6. thanks for the pictures l forgot to say....

    l am in hiding for a day or three...

    talk soon Muma!!

    and you are beautiful too..


  7. Once again you carry us along and deep into your story. You ARE Beautiful! Hoping to hear more of this story.

  8. This is heartwrenching, Moannie. Yes, your mother was beautiful but it's yours I see all over this post.

  9. Moannie, your mother was a beautiful woman - but the true beauty and grace here is in your evocation of the past.

    When we meet (as we will, one day) I shall tell you the story of my mother .....

  10. Moannie, i remember so many heartbreaks you had to live through in your young years, and this one is an especially tough episode to imagine.

    Knowing how you took care of your mother when she needed you ...

  11. That was a very poignant post and I do feel for you the way you were treated.
    Your mother was very beautiful and you were loyal to her in later life...... if I remember correctly.
    Maggie X

    Nuts in May

  12. Congratulations, M: encountered your 'old' blog accidentally - fortuitously, more like - & glad to have done so. Maggie May's right, this post (and, yes, she was beautiful) is very poignant. Chapeau!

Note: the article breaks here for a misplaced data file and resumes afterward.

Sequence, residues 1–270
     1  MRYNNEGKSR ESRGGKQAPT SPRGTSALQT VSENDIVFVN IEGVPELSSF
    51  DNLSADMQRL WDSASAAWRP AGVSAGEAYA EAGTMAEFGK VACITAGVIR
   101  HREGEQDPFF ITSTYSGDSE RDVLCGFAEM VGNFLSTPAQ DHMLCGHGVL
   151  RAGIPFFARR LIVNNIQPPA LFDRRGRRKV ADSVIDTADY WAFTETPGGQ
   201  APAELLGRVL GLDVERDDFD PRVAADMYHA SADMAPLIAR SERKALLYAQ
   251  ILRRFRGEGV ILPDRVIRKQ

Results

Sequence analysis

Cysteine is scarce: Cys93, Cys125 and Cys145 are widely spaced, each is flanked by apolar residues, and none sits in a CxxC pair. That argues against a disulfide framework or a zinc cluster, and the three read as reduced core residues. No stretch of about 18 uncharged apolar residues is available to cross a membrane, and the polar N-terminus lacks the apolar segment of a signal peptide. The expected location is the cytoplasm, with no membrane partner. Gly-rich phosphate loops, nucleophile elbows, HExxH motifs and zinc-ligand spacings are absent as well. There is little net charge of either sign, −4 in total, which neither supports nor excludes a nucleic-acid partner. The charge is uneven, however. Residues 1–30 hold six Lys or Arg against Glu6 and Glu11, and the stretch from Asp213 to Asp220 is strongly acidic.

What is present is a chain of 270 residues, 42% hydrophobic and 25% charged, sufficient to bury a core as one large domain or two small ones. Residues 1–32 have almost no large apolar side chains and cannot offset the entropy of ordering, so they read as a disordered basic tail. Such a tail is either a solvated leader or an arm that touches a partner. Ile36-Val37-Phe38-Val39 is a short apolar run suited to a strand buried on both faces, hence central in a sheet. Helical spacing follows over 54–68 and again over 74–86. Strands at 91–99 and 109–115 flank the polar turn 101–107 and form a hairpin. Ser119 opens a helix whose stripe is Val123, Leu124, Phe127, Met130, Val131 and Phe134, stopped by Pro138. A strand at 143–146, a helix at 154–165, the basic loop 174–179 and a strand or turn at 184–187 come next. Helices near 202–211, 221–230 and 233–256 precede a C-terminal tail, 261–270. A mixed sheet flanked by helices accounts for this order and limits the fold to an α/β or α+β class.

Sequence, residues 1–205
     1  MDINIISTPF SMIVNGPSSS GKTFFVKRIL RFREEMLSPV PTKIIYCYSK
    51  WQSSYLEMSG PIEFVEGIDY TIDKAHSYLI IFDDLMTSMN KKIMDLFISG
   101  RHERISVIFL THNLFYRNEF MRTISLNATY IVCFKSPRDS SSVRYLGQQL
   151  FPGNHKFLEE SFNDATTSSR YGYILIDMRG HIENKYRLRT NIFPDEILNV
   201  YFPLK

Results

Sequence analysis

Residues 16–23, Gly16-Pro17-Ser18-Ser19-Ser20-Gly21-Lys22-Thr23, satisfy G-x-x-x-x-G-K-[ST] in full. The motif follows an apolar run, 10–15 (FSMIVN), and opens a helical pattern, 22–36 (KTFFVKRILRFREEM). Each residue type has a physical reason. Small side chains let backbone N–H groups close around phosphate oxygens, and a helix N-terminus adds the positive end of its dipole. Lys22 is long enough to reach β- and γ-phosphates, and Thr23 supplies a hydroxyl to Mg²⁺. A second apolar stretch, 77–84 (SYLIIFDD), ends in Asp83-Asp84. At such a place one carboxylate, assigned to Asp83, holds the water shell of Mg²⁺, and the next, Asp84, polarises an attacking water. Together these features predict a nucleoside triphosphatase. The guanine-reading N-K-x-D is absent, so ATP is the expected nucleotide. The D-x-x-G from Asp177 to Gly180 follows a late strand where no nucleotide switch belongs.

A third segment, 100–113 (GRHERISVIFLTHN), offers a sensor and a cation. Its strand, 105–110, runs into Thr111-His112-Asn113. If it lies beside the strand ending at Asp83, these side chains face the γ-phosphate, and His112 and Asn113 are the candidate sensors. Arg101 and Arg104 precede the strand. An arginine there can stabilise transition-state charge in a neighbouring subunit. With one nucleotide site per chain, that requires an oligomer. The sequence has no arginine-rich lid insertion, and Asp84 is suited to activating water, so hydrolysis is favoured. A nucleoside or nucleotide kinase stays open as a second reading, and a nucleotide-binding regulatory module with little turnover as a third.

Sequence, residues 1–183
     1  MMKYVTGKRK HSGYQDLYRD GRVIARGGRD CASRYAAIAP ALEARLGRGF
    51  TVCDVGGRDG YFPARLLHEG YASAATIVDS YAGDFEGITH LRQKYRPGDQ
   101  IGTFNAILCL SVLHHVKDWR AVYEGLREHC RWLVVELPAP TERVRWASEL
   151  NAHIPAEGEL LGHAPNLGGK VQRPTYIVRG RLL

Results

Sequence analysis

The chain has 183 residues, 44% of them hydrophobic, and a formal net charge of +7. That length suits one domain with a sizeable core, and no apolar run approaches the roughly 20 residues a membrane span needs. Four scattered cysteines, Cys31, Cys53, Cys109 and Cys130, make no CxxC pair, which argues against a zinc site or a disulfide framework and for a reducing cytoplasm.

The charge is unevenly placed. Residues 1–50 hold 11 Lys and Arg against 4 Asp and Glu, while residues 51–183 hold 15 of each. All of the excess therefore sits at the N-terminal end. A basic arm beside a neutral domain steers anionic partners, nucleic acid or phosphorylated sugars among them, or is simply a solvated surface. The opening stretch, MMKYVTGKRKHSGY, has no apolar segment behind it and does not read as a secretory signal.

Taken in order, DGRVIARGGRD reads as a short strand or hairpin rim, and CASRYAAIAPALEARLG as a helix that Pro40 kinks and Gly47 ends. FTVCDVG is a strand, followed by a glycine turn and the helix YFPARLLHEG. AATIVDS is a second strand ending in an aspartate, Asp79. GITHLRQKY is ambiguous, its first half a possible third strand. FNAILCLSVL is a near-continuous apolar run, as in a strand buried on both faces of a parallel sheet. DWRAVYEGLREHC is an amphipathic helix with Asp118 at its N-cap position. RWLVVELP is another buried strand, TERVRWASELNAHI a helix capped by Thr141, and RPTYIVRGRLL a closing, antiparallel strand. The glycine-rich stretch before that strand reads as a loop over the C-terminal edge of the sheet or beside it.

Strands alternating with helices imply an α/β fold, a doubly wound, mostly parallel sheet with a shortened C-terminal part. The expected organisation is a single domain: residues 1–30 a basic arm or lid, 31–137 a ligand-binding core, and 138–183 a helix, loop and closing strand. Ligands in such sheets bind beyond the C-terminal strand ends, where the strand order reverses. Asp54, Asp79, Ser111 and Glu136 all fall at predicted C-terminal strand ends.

13. she was pretty in an unassuming way - did you totally forgive her?or a part only?or was it a child's not quite understanding- whatever- it is a heart tugging story

  14. This is a an amazing story. I hope to read more.

  15. My mother was English as well, in the ATS....married my Dad who was in the US Navy.
    I can't imagine how much being left in that orphanage must have hurt.
    You are the beautiful one, M.

  16. This was really beautiful. Like you just grabbed my heart and ripped it out.


  17. So your mom PLACED you in an orphanage....was it because of Harry? Was it because she was not able to care for you in the manner that she wanted being single? How could she leave such a beautiful soul such as yours. You would have brought delight to each and every day that she spent with you. She must have been blind. I hope the nuns were good to you and your brother. I have been skipping around trying to find answers in your blog to why you were in the orphanage, and what happened to your mom and Harry. This is a movie playing in my mind. I can actually see the pictures you are painting with your words. Love your writings!